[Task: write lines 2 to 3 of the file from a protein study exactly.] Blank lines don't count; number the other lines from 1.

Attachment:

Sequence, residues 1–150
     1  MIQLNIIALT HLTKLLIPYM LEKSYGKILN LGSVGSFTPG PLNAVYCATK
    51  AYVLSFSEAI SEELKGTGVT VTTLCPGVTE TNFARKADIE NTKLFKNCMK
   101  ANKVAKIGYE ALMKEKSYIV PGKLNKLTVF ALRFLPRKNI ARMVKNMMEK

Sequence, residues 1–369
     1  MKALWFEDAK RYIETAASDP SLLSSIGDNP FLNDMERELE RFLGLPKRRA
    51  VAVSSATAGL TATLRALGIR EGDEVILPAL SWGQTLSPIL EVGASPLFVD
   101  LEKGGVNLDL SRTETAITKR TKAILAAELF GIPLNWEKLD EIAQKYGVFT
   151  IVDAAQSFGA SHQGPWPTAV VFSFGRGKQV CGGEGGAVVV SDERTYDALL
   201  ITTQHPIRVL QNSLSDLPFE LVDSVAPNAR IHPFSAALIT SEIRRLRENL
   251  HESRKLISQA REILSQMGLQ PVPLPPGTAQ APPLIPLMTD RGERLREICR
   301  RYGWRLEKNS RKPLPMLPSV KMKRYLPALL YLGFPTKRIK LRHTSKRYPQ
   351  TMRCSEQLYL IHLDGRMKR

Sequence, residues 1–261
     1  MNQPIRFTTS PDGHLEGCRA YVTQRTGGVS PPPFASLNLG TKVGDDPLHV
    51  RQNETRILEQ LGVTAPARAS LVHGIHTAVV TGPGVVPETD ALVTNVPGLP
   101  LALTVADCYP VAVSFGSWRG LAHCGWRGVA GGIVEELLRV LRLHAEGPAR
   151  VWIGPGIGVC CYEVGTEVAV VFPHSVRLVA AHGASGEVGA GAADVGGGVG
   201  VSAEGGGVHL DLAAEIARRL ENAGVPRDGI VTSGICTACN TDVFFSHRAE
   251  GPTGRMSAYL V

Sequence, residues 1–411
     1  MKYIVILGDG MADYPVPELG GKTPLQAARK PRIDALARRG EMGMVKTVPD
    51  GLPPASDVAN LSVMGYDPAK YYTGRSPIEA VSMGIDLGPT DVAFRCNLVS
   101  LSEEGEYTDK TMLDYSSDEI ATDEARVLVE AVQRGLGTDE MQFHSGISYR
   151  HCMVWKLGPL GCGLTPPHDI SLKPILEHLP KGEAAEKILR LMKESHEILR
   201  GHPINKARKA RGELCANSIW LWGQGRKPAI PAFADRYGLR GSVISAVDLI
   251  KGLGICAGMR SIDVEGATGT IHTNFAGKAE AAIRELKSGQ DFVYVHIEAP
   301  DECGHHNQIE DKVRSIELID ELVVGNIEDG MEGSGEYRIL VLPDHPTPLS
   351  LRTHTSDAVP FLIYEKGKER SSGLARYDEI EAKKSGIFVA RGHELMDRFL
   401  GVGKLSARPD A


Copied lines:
     1  MIQLNIIALT HLTKLLIPYM LEKSYGKILN LGSVGSFTPG PLNAVYCATK
    51  AYVLSFSEAI SEELKGTGVT VTTLCPGVTE TNFARKADIE NTKLFKNCMK